There may be good reasons why a business has more than one Twitter account – using one for marketing and PR, a second for customer service, a third even for special events or staff insights.
It can help users, and particularly customers, identify the best place to send their tweets, and reduces the headache many small business face of having to monitor, then laboriously filter, a single account for everything.
Larger companies in particular may need to separate their many business units, products and individual brands into distinct Twitter feeds, or may want to target tweets to a certain location or region.
Many businesses also encourage staff to have their own individual Twitter accounts, enabling them to say their piece and add personal insights free from the heavy hand of marketing and comms departments.
But while many businesses have such separate accounts, they signal clearly and honestly that these all pertain to the same company identity, and use the same logo and rubric on their tweets.
A few mavericks, however, are abusing the system – they are operating in disguise.
Some providers, for example, assume multiple Twitter identities that they assign completely different names, logos and profiles, in an effort to cast as wide a net as possible for potential clients. It is the Twitter equivalent of destructive fishing practices using enormous drag nets.
There is an easy way to demonstrate that this is happening: simply “follow” a few sites that appear to offer very similar services consecutively – and see how they react.
If you receive identical “welcome” messages in reply in which not one word differs, but under radically different Twitter identities, you will know you are dealing with the same company, possibly even the same sole trader.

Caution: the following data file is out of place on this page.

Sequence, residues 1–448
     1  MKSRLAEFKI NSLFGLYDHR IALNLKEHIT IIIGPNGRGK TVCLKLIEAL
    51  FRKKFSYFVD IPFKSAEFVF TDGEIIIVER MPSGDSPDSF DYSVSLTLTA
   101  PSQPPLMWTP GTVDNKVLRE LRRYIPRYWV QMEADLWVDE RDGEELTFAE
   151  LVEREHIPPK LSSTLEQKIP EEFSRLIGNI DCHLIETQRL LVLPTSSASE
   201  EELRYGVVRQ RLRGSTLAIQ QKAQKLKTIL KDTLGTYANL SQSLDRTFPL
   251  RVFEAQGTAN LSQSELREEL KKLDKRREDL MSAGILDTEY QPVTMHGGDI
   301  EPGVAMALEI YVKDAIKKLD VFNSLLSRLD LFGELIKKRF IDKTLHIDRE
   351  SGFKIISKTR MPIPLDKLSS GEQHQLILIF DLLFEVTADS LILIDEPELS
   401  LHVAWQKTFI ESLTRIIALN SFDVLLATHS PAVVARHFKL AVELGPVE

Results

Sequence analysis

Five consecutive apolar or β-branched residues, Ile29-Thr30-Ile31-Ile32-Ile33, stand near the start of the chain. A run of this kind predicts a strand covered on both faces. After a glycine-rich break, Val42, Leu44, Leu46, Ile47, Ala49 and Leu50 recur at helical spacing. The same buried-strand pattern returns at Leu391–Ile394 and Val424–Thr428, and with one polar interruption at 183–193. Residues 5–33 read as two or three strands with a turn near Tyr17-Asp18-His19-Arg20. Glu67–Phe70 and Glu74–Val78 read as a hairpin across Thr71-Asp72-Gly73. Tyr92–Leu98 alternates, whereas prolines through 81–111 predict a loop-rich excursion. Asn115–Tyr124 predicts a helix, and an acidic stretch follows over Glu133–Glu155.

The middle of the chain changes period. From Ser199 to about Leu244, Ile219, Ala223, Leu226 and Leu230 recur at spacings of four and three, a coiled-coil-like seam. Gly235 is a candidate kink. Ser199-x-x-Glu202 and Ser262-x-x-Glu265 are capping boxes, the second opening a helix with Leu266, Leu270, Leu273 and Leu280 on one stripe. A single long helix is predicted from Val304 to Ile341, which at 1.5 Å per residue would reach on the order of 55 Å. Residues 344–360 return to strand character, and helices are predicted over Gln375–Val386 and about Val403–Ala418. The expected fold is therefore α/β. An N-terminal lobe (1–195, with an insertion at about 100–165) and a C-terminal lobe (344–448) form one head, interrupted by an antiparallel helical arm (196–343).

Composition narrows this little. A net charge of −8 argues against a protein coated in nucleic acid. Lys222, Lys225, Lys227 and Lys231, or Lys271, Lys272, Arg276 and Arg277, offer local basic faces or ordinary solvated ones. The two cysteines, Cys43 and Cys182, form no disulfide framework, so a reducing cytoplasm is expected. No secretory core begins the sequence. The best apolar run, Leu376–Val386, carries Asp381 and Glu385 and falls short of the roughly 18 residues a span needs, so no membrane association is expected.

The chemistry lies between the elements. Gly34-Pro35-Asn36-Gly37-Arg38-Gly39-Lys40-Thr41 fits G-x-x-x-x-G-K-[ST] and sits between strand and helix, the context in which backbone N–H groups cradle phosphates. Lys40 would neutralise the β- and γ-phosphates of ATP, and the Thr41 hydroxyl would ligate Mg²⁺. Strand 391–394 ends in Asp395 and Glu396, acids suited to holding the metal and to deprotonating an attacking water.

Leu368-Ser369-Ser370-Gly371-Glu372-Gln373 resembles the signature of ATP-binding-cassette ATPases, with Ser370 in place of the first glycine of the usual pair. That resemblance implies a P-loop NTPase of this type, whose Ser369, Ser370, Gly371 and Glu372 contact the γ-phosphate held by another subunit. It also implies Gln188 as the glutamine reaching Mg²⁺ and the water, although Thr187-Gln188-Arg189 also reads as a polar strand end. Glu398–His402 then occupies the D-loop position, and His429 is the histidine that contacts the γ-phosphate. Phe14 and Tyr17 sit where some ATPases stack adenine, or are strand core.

Yet these profiles may regularly post tweets under these separate identities, making it look as if they are busy little bees working steadily towards prosperity in a dynamic, competitive marketplace.
It is a lie. It is a betrayal of Twitter. And it shows contempt for customers.
By assuming false identities, these mavericks are greedily seeking to soak up all the available capacity within a sector. They are wannabe monopolies, dishonestly stifling honest competition.
Their activity is the online equivalent of a fast-and-loose fly-by-night who affects a different voice on the telephone whenever he receives a call from his bank manager.
Fortunately, customers are clued up: when they find out that they are communicating with a shadow, they will lose trust in them pronto. They will suspect that these providers may be tempted to apply similarly questionable standards in their business dealings.
We have only one thing to say: don’t let them get away with it. Shine a light on the shadows … and expose them.